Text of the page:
52. 52. 52Copyright©2017 NTT Corp. All Rights Reserved. • How did these functions relate to compaction and performance? • A number of in-memory live objects (created in raft.MemoryStorage and managed by go runtime) can increase according to the interval of compaction • The increased number of objects can make the mark phase of go GC slow • runtime.scanobject • Also, infrequent reclamation of memory area can make the allocation slow • Miss ratio of thread local cache can increase • runtime.mallocgc • The analysis isnʼt complete, but can support the observed data How does compaction affects performance and resource consumption?
  53. 53. 53Copyright©2017 NTT Corp. All Rights Reserved. • How about recovery speed? • etcd solves the problem by limiting DB size (2GB default, up to 8GB) • https://github.com/coreos/etcd/blob/master/Documentat ion/faq.md#deployment • Interesting discussion including answer from Xiang Li • https://groups.google.com/forum/#!topic /etcd- dev/vCeSLBKC_M8 • Currently, I didnʼt observed the bad recovery performance, too How does compaction affects performance and resource consumption?
  54. 54. 54Copyright©2017 NTT Corp. All Rights Reserved. • Observations • Too frequent compaction is harmful for throughput • Quite natural • Too infrequent compaction is also harmful for throughput • Although it consumes larger memory! • A little bit tricky • Seeking the best parameters for your workload would be helpful • --snapshot-count and –snapshot-size • Buying expensive hardware (e.g. CPU with lots of cores) isnʼt so helpful for improving throughput of Raft based systems and etcd How does compaction affects performance and resource consumption?
  55. 55. 55Copyright©2017 NTT Corp. All Rights Reserved. How to reduce time consumed in a state machine
  56. 56. 56Copyright©2017 NTT Corp. All Rights Reserved. • etcd provides access control based on the concept of users and roles since v2 A short history of the etcd auth functionality user role1 role2 role3 range permission1 rage permission2 range permission3 range permission4 granted granted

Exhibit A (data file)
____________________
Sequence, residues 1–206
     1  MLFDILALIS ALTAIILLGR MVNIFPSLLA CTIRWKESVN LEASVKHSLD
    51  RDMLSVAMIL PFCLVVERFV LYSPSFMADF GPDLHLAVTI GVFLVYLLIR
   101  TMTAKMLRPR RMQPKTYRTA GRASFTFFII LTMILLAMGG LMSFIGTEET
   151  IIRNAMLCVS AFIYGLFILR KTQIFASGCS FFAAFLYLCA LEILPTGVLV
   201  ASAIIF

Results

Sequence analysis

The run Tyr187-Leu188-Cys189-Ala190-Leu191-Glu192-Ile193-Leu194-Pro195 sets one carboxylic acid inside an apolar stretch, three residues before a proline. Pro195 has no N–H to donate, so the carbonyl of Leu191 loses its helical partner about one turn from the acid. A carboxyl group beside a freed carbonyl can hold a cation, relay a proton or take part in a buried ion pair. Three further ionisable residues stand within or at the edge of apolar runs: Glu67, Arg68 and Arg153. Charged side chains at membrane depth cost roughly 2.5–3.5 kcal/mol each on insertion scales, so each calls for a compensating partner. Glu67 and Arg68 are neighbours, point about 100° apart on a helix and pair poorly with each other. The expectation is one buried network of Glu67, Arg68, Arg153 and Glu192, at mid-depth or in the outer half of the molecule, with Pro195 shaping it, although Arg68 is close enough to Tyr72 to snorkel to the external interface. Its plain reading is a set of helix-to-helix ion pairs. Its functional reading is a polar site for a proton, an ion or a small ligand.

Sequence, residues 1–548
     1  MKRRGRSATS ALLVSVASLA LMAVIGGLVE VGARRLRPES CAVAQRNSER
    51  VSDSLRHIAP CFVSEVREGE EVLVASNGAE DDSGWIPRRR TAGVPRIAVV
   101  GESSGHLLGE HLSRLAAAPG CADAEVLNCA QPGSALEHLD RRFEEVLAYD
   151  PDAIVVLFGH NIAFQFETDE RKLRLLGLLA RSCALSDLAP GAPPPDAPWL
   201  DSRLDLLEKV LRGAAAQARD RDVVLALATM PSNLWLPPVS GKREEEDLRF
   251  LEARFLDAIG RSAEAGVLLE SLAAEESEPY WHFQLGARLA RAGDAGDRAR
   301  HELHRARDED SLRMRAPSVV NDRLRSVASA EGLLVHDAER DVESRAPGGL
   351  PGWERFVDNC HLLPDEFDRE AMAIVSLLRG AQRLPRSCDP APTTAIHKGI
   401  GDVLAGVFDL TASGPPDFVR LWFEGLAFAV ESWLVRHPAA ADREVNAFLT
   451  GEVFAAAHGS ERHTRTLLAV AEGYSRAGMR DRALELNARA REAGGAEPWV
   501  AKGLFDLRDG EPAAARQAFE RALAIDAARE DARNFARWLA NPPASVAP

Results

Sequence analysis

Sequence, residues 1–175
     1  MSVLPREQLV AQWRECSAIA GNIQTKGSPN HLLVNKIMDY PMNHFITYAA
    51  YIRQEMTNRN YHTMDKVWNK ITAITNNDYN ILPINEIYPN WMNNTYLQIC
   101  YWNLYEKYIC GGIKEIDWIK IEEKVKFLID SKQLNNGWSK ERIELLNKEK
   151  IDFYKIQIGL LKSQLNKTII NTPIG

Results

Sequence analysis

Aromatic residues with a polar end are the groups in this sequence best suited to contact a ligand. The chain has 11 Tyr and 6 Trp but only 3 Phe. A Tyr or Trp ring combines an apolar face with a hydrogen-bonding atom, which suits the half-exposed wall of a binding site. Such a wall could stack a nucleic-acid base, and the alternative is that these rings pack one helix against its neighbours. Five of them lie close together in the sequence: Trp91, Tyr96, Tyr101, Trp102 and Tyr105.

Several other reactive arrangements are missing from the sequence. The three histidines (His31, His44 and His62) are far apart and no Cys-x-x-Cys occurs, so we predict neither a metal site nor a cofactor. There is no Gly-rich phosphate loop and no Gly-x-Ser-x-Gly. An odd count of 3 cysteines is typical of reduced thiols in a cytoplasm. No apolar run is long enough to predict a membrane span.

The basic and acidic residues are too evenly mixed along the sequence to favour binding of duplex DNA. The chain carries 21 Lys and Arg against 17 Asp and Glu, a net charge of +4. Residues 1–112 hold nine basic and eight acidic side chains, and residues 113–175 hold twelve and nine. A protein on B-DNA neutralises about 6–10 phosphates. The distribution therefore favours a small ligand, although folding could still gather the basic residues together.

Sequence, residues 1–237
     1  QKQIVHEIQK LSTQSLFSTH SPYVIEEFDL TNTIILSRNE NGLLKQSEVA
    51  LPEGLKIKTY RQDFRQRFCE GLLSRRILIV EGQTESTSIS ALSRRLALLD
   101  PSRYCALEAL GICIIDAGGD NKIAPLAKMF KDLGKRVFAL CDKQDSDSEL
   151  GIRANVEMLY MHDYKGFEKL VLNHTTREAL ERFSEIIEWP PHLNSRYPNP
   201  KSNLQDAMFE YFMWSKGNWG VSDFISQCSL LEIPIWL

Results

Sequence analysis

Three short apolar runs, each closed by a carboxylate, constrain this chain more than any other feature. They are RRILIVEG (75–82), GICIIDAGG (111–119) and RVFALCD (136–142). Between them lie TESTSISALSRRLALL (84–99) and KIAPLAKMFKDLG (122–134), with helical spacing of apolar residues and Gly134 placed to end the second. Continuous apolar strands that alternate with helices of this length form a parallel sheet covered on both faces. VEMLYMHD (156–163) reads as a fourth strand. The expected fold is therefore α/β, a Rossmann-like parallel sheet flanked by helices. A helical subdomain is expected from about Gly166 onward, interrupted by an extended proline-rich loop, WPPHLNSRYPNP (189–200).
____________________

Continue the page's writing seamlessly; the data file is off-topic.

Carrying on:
57. 57. 57Copyright©2017 NTT Corp. All Rights Reserved. • etcd clients (including etcdctl) can be authenticated in basic authentication of http A short history of the etcd auth functionality client application (e.g. etcdctl) etcdserver http raft wal SSD • storagepropose commands, receive commit decision apply commands, get results append committed commands persist bcypt based password checking is executed by etcdserver when the http request arrives
  58. 58. 58Copyright©2017 NTT Corp. All Rights Reserved. • etcd v2 execyted bcrypt based password checking at the API layer • Once the checking was passed, the authorized commands were sent to raft • Practically it wouldnʼt be problematic, but it can result TOCTOU (Time Of Check vs Time Of Use) problem • Admins can update passwords concurrently with the requests • Requests can be processed even the authorization is obsolete • For reducing the possibility of the problem, the auth of etcd v3 changed its design A short history of the etcd auth functionality
  59. 59. 59Copyright©2017 NTT Corp. All Rights Reserved. A short history of the etcd auth functionality clientv3 application (e.g. etcdctl) etcdserver gRPC raft wal SSD • mvcc • lease • auth • alarm propose commands, receive commit decision apply commands, get results append committed commands persist Auth metadata update and authentication are serialized with raft Password checking is executed by auth module, a part of the state machine auth token
  60. 60. 60Copyright©2017 NTT Corp. All Rights Reserved. • Now the TOCTOU problem wonʼt happen • Happy ending? • There was another problem: high cost of bcrypt password checking • https://godoc.org/golang.org/x/crypto/bcrypt • It requires almost 100ms even on modern CPU! • 100ms CPU consumption means etcd can authorize 10 times per second • How should we solve this? A short history of the etcd auth functionality